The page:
But all such activities come to an end. What then of the dynamical ‘I’? is there a longer-term residual effect of our participation? Perhaps only a weak one, for now we are asking about quantitative matters of degree. Will we re-engage in the same activity with the same persons or artifacts? How soon? How often? Will we re-constitute some features of the former activity: the same person in a different but similar activity? or the same artifact in a new activity? the same type of activity but with other participants? And in each case how much of an ‘impression’ will be made on the organism and in the larger system that enables the organism to reconstitute its emerging identities by getting these activities going again, or interacting again with the same persons or artifacts, or ones it considers similar for this purpose? How strong will the affective engagement be? How positive will the identification be, evaluatively? And above all, how long will the sequence of activities last across which the same identity features are being reinforced?

 The person we become for a moment with a new stranger for whom we have no strong feelings and whom we never see or remember again may be transient indeed. The person we feel ourselves to be when interacting with someone we feel strongly about, again and again over the course of a lifetime, is an essential part of who we are. The Self I am when I am writing, or teaching, or doing those things that mean something fundamental to me, and that I can do over many years, is basic to my identity. Even the Self I am whenever I read a particular book, hear a particular kind of music, play or sing or dance to that music, if I feel strongly enough about it, can become basic to my identity. When I teach, or write, or have conversations with colleagues, I am often working to recreate activities and senses of Self that are basic to my identity. I am seeking to keep an identity-constituting process going on a longer timescale and across a wider range of settings and participants. To some extent, whatever I am doing, I am also doing ‘identity work’, and what I choose to do more often and with greater affective engagement, may well be what works best for me in confirming aspects of my identity about which I have the strongest concerns (e.g. gender identity, class identity, and other more specific culturally salient aspects of identity).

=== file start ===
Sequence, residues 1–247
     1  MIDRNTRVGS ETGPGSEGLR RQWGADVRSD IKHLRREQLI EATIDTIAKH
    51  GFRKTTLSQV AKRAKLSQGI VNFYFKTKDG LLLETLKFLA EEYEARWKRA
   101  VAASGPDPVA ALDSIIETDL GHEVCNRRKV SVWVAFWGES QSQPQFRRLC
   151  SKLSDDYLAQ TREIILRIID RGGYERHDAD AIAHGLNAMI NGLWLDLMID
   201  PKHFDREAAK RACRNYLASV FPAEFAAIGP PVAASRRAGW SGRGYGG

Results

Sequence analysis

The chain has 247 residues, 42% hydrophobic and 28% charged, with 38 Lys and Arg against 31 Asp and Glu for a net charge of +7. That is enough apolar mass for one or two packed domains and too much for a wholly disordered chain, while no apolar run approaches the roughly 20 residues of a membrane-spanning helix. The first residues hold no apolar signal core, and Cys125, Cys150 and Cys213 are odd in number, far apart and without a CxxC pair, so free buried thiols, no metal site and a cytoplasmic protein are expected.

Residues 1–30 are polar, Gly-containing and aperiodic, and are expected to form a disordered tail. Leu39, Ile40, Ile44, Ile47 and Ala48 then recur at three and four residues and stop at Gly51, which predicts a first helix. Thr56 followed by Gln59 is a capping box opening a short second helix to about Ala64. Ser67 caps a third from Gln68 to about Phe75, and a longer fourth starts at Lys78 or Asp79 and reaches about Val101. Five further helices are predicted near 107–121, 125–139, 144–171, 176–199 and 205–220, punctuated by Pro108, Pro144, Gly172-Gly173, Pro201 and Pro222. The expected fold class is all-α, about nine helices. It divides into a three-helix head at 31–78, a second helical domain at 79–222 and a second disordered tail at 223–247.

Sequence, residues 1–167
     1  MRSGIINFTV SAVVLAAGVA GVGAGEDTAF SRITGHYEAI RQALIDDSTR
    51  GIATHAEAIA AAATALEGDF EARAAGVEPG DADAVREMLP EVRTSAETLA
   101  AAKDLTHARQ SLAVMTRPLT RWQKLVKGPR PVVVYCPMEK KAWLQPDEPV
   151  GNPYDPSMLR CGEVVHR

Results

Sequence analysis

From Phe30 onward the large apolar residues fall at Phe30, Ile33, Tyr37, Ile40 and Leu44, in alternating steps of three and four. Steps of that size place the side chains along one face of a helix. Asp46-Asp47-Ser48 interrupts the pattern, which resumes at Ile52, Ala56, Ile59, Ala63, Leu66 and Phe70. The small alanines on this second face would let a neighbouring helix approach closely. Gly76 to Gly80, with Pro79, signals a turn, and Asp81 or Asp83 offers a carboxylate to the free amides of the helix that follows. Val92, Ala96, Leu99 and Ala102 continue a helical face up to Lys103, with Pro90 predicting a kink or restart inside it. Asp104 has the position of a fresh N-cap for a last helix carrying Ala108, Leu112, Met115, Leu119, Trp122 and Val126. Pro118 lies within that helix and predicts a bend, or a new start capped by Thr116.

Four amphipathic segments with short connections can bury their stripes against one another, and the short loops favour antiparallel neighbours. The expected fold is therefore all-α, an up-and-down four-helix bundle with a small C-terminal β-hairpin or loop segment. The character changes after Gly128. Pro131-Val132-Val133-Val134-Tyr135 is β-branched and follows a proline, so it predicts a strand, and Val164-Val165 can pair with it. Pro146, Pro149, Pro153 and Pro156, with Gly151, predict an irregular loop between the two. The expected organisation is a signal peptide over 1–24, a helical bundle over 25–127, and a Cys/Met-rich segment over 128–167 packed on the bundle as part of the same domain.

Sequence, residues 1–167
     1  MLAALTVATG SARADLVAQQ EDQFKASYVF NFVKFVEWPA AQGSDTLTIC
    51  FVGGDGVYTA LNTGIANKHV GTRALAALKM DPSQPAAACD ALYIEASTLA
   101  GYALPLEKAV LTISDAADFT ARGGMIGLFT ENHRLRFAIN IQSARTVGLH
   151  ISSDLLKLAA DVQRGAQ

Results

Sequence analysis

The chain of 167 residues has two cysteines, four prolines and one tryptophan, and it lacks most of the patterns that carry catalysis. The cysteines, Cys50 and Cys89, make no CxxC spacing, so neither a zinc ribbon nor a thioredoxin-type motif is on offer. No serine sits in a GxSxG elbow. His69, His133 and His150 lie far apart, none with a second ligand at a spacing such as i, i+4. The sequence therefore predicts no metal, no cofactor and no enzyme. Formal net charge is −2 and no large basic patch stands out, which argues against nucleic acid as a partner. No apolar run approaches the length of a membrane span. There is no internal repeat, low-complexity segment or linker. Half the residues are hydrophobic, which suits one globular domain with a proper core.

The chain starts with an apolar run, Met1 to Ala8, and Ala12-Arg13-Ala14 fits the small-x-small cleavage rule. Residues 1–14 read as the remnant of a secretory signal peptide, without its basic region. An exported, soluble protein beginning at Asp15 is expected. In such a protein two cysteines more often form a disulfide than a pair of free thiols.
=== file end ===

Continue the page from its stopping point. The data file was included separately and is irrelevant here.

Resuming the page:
It is somewhat ironic that classroom education and formal curricula that are supposed to create longer-term continuity from lesson to lesson and unit to unit (though not, after the earliest years, from hour to hour in the same day or from year to year in the same subject) are narrowly focused on informational content which is more or less unique to school experience, while the major developmental processes of these years appear to be about the formation of identities that fit large-scale social models for gender-, class-, age-, and culture- specific patterns. Students are mainly going about the business of learning to be six-year-olds or twelve-year-olds, masculine or feminine, gay or heterosexual, middle-class or working-class, Jewish or Catholic, Irish American or Jamaican American, or any of the many dozens of sociotypical identities for which there are identity-kits available in a particular community (cf. Gee 1992). Whatever we offer up in the classroom becomes an opportunity to pursue this longer-term agenda of identity-building; our primary affective engagement is with this agenda, with becoming who we want to be, and not with learning this or that bit of curriculum, except insofar as it fits our particular agenda or insofar as ‘being a good student’ or ‘not falling for that bullshit’ fits it. Perhaps later in schooling a few of us are also working to form, within these larger identity projects, specific partial identities as ‘future scientists’ or ‘future teachers’.